In the first images since his latest surgery, officials published photos on Friday showing a smiling Chavez lying in a hospital bed, reading a newspaper and flanked by his daughters.

The government said he was breathing through a tracheal tube and struggling to speak.

One woman, who told state TV she was a nurse, said Chavez had arrived walking and without a wheelchair or visible tubes.

After winning re-election in October - and wrongly declaring himself cured - Chavez was unable to attend his own inauguration ceremony in January. Enraging his foes, the Supreme Court ruled that he remained president and could be sworn in later.

That could now take place at the military hospital.

"Now the president is back, there can be no doubt about the democratic institutions working in Venezuela," said Information Minister Ernesto Villegas.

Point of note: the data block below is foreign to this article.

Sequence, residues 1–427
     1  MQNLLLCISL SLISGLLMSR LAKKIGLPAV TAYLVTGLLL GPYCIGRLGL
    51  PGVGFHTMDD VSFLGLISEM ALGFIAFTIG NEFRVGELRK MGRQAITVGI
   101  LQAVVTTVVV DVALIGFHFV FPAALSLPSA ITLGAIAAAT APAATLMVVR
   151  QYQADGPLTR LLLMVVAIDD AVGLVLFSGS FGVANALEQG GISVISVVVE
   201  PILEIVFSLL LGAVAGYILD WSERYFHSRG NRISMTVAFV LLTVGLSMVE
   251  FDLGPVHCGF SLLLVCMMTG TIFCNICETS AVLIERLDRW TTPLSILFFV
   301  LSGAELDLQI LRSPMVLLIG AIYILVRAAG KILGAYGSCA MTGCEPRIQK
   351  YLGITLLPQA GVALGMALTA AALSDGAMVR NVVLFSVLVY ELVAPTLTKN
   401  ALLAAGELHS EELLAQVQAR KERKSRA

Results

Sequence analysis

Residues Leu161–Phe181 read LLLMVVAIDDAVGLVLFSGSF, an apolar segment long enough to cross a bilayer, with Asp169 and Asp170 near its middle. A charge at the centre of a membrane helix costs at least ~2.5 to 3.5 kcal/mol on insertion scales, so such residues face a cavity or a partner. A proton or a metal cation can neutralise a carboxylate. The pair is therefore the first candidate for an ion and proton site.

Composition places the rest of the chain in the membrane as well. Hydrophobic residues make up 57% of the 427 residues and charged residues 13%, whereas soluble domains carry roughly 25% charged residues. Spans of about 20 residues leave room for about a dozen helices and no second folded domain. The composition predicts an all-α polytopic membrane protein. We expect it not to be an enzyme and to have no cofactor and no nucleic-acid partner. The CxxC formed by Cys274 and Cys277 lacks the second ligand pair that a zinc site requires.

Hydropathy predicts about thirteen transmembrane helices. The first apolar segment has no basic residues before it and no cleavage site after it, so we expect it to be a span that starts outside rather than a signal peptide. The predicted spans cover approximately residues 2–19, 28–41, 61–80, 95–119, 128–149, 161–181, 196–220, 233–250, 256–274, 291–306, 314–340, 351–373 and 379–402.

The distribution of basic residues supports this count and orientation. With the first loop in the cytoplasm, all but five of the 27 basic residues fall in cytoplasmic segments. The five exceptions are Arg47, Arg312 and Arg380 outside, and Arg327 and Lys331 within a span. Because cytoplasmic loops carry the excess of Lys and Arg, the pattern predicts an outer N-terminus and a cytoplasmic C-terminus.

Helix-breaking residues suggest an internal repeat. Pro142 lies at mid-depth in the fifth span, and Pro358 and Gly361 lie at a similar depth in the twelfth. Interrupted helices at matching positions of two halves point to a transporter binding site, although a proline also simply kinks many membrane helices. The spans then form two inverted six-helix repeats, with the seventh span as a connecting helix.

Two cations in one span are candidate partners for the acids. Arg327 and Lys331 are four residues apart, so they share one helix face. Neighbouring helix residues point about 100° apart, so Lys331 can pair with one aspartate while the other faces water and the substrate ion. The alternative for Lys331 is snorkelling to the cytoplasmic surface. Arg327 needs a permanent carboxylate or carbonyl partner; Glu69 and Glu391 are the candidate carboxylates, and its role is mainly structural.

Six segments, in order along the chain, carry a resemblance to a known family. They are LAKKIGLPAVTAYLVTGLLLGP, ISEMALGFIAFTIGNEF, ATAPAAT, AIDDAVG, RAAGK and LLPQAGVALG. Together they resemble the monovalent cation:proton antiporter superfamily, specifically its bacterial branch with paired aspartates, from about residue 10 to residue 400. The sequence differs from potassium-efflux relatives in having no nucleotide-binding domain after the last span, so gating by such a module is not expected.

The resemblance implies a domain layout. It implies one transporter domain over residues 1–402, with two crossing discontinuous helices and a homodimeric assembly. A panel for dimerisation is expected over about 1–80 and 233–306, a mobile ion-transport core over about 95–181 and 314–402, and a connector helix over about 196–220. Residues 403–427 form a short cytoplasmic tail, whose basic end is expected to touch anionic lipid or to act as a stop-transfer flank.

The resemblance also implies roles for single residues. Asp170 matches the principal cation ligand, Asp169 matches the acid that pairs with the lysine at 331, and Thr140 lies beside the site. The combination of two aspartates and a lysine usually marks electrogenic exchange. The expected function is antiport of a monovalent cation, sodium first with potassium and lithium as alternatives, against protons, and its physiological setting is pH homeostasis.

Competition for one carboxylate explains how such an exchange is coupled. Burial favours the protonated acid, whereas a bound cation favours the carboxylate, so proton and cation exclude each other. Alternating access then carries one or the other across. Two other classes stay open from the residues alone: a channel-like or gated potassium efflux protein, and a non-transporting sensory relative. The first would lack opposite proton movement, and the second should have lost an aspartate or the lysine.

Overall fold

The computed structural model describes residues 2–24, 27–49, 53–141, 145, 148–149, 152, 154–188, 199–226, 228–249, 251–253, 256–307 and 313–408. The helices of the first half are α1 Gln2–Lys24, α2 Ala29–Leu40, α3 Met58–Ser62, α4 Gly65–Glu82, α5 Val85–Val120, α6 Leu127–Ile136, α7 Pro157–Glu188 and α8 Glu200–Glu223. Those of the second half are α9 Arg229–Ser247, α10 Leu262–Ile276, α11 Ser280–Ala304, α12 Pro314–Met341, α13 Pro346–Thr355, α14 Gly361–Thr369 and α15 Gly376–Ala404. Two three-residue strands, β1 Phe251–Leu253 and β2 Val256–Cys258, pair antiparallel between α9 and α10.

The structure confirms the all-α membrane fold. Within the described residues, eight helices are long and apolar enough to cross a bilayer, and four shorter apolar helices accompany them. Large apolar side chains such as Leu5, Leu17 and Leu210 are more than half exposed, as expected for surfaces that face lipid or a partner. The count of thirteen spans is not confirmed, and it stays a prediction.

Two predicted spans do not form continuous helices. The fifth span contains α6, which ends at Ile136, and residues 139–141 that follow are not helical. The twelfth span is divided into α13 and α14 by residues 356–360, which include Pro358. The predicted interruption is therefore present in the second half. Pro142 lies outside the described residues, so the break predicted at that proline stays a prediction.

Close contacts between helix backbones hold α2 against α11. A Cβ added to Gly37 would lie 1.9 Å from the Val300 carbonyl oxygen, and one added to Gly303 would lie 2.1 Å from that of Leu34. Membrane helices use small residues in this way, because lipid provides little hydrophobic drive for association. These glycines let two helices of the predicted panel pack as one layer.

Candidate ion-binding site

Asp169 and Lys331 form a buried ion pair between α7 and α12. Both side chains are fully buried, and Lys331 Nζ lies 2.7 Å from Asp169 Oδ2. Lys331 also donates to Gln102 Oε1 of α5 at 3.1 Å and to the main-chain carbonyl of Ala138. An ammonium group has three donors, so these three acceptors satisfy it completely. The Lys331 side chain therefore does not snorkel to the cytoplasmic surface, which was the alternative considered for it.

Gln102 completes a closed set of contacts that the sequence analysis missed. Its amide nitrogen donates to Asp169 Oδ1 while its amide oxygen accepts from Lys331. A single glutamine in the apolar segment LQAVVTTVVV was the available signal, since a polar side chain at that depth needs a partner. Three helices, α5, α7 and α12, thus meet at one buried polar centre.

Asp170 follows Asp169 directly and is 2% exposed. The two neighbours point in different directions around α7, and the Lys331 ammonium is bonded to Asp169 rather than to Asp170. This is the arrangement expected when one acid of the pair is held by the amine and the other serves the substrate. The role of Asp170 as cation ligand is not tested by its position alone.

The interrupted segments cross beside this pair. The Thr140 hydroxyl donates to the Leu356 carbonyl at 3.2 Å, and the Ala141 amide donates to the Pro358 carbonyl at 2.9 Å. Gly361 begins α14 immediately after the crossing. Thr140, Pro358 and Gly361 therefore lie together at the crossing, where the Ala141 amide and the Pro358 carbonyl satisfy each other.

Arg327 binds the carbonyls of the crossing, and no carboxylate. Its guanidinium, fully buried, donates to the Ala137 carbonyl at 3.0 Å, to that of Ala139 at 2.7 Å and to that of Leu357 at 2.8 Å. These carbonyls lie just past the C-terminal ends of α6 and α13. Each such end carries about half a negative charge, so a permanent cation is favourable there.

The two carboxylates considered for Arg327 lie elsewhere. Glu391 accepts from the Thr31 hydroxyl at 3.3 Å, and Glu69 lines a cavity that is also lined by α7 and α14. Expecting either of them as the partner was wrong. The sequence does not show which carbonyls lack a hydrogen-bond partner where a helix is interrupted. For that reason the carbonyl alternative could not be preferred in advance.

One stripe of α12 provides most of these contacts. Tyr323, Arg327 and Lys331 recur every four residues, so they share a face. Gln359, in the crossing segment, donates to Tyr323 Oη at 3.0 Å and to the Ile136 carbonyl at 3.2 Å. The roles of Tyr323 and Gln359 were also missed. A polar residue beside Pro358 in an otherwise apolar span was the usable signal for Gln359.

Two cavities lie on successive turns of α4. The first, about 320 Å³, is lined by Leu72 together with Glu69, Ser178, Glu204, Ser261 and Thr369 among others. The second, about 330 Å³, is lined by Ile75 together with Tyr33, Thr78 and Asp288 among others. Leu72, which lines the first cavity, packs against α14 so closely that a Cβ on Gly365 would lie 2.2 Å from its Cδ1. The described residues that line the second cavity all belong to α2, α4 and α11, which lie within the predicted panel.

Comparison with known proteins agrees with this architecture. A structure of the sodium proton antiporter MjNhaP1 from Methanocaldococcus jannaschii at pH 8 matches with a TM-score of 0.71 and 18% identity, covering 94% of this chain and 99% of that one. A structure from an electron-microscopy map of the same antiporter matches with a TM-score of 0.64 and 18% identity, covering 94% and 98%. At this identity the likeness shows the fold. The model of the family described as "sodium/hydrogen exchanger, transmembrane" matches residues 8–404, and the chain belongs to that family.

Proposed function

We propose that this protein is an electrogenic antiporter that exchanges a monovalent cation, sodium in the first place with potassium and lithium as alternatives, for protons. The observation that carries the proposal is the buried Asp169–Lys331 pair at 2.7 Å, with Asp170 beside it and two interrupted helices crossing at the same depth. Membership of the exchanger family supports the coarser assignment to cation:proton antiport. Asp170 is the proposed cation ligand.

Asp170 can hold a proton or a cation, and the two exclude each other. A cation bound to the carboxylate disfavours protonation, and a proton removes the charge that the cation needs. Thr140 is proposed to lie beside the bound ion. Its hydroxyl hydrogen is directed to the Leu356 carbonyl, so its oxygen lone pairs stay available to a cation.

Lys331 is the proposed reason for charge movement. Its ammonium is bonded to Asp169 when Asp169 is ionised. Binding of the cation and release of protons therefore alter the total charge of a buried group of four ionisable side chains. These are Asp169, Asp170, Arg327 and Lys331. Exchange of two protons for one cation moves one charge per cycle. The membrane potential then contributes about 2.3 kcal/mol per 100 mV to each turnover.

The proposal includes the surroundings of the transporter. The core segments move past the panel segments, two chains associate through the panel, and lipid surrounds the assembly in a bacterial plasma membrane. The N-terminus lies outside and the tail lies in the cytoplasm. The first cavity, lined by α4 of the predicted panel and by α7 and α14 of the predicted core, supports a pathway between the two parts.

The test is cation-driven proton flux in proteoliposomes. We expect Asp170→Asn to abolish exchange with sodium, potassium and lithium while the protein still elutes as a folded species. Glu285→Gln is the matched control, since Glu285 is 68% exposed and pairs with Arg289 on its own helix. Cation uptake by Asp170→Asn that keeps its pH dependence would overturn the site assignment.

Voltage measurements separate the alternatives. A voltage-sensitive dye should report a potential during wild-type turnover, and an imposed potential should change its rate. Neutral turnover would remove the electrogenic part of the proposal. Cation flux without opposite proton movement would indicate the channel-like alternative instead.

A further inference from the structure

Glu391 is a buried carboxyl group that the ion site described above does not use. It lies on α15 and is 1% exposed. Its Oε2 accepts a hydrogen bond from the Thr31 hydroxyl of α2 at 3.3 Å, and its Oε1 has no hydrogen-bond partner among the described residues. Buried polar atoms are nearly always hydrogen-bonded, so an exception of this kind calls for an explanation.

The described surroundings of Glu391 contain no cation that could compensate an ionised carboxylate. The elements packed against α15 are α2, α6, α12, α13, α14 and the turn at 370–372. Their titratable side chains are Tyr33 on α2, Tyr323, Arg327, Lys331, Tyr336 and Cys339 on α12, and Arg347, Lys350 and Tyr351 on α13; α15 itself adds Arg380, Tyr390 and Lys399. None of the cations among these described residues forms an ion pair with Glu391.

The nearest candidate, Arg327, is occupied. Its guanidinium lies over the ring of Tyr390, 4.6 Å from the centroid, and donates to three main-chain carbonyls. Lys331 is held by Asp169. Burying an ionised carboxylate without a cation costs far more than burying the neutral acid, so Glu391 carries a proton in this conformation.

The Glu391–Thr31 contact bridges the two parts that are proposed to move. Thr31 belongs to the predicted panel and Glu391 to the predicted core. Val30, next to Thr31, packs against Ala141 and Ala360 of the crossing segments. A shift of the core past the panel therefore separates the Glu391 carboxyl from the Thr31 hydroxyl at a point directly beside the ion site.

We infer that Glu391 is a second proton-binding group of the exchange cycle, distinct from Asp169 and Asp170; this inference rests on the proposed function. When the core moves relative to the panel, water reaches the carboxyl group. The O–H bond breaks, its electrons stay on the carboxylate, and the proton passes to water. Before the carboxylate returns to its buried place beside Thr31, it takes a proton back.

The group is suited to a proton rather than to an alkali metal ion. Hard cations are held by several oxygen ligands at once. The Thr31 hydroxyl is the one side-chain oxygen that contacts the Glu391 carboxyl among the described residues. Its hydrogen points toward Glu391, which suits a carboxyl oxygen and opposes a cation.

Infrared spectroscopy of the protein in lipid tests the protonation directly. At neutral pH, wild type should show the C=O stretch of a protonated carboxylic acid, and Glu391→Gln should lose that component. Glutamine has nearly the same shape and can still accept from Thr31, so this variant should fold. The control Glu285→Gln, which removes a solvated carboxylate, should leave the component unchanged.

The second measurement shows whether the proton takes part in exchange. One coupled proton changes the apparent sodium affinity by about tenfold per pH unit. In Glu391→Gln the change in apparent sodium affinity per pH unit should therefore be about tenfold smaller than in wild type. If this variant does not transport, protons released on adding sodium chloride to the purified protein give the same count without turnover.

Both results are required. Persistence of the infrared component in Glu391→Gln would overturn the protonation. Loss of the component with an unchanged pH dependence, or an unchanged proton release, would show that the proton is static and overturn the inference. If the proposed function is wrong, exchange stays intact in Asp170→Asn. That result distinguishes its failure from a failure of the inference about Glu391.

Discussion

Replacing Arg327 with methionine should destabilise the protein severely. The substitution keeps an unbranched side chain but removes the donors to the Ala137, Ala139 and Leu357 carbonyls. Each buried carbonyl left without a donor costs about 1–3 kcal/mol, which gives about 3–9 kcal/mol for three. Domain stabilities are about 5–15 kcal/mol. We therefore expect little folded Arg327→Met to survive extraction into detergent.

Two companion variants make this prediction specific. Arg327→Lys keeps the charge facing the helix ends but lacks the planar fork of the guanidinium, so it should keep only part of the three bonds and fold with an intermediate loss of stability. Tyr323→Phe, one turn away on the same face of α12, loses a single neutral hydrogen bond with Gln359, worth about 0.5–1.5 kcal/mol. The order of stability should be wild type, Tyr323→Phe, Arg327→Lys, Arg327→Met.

"There were some who dreamed of unseating Chavez and the revolution, but here we always said Chavez is the president elected and re-elected by the will of the Venezuelan people."

Chavez's condition means there is a little chance he could quickly slip back into his old routine of thundering oratory, hours-long talk shows and casual chats in the street with supporters.


Chavez's pre-dawn return was a typical surprise move for the former soldier whose rule has combined constant political theatrics with radical anti-U.S. speeches, tough treatment of opponents and lavish spending of oil revenue on the poor.

Critics have decried the secrecy over his health, and some want a formal declaration that he is no longer fit to rule. That would trigger a new presidential vote within 30 days, probably pitting Maduro against opposition leader Henrique Capriles.